The Property & Casualty General Lines 2-20 exam consists of one hundred sixty (160) questions, and you have three hours (3 hours) to complete the exam. Here is a copy of the exam content outline for the Property & Casualty 2-20 exam.
A total score of 70% is required to pass each exam. You have a limit of five (5) attempts at each exam per year.
Check out our Insurance Exam Guide. It’s extremely in-depth, and will hopefully help you pass the first time.
Insurance license tests are intentionally difficult, but not impossible by any means. You should study to the point of comfortability with the information before you attempt the test. Failing the exam isn’t the end of the world, but keep in mind that you will need to pay the fee each time you attempt the test.
Tip:StateRequirement recommends that you study for one exam at a time, then after passing, starting on your next line. The exams are difficult enough on their own without confusing information from one line to another.
Check out our review of the Kaplan Insurance Course.
You may register to take your exams and find more information on the Pearson Vue Florida Insurance Testing page. You may also find the Pearson Vue Florida Insurance Licensing Candidate Handbook useful.
Step 6. Application Review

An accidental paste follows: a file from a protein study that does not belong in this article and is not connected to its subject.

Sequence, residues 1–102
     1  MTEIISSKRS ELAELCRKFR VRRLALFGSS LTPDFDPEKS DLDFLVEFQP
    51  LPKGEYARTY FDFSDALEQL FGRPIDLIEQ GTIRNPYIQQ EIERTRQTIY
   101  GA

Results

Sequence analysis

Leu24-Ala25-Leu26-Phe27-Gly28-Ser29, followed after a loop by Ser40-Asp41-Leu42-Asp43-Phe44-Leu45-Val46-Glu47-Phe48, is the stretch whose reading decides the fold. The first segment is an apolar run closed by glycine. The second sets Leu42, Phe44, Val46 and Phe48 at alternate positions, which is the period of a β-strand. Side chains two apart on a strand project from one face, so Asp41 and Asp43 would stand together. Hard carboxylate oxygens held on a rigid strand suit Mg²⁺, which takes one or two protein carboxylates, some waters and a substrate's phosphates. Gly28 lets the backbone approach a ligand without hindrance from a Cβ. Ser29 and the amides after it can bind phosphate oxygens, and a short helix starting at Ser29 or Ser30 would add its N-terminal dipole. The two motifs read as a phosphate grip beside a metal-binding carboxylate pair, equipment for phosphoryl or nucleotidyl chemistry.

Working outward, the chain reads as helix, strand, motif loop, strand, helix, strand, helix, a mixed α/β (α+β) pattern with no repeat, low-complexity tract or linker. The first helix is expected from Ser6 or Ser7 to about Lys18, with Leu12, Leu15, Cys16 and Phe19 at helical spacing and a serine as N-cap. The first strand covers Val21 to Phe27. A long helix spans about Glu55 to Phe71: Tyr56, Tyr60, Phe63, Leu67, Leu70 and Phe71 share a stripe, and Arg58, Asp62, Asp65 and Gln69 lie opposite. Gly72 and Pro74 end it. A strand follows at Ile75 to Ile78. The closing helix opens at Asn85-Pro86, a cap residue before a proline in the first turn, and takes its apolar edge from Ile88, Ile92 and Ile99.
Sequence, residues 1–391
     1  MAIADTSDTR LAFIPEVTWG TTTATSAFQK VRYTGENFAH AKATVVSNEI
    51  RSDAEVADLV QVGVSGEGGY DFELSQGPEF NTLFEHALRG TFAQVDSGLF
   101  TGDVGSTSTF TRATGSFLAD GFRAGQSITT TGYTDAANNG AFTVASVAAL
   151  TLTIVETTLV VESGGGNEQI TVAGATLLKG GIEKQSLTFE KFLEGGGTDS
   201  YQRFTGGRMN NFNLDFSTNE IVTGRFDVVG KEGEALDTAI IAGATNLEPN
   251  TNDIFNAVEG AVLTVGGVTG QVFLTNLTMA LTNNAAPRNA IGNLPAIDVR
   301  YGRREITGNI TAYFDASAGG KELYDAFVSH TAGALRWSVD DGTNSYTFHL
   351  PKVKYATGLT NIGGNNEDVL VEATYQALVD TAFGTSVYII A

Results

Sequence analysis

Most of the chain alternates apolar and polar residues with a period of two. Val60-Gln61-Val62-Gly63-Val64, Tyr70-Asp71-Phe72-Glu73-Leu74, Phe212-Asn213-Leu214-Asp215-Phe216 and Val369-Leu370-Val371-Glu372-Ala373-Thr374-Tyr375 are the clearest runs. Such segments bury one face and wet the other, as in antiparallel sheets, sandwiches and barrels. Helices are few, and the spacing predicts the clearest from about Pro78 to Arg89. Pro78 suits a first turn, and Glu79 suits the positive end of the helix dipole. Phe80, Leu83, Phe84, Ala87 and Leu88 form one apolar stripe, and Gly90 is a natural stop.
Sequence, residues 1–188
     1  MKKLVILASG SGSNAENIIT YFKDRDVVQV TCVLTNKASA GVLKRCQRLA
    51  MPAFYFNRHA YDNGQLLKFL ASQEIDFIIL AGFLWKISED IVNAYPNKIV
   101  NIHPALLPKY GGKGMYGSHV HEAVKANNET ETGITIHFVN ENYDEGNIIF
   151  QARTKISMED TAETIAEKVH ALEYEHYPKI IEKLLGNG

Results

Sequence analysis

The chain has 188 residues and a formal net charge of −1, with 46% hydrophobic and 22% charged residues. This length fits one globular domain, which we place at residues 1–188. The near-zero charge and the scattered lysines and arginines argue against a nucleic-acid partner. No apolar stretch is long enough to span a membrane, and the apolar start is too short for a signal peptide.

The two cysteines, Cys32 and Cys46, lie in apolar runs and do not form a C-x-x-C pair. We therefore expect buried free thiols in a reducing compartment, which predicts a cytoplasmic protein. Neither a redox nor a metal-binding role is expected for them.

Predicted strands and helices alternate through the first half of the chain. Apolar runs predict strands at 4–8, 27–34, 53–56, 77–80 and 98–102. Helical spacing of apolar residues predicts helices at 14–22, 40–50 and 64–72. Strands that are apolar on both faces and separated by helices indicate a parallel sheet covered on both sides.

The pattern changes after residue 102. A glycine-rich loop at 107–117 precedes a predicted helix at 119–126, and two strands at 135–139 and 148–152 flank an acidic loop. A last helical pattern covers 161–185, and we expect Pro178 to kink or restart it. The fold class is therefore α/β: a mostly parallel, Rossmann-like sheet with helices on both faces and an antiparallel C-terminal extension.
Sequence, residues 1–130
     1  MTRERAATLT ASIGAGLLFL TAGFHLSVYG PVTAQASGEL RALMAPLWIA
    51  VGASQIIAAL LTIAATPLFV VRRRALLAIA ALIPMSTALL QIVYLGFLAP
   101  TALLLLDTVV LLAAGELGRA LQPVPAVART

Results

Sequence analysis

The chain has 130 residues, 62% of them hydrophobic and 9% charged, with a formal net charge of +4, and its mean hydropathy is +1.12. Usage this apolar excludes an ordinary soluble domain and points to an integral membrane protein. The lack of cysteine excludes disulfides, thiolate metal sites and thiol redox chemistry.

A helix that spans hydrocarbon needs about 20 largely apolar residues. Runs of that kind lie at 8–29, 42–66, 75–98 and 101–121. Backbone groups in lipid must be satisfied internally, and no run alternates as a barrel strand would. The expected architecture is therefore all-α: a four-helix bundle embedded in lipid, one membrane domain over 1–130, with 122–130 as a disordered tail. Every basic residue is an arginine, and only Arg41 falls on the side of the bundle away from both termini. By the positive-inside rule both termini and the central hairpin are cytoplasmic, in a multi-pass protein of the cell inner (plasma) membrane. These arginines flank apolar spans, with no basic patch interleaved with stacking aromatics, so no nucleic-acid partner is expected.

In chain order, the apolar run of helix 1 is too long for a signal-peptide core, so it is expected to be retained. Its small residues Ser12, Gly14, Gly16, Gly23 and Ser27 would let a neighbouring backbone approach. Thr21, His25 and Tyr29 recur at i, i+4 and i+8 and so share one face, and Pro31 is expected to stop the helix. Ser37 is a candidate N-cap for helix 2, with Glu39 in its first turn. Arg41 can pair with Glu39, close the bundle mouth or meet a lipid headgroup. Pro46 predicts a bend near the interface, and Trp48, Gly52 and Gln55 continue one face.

Once you have submitted your application and passed your exams, your license application will be reviewed by the state. Your background check will also be reviewed.
If everything is to acceptable standards your license should be issued quickly. If there are any items from your background check that need to be reviewed, it may slow down the process of issuance. If this is the case, the state may contact you to provide context to the issues that they have run into.
Once the review has been completed, you should receive notification in your MyProfile account. If there is any more information that you need to provide the state, you will be notified of this in your account as well.
You may also use the MyProfile account as a Florida license lookup tool and print your license.
You’ve done the work, put in the time and effort, and now hold the key to your own success! We’re proud of you. Take five (5) minutes and celebrate.
After Getting Your Florida Insurance License
Once you’ve passed your exams and completed the licensing application, you are now a licensed insurance agent in Florida. A common question we hear is, “I have my insurance license, now what?” Here are a few things you can do or need to know:
- Get a job in the insurance field. Check out StateRequirement’s Insurance Jobs board.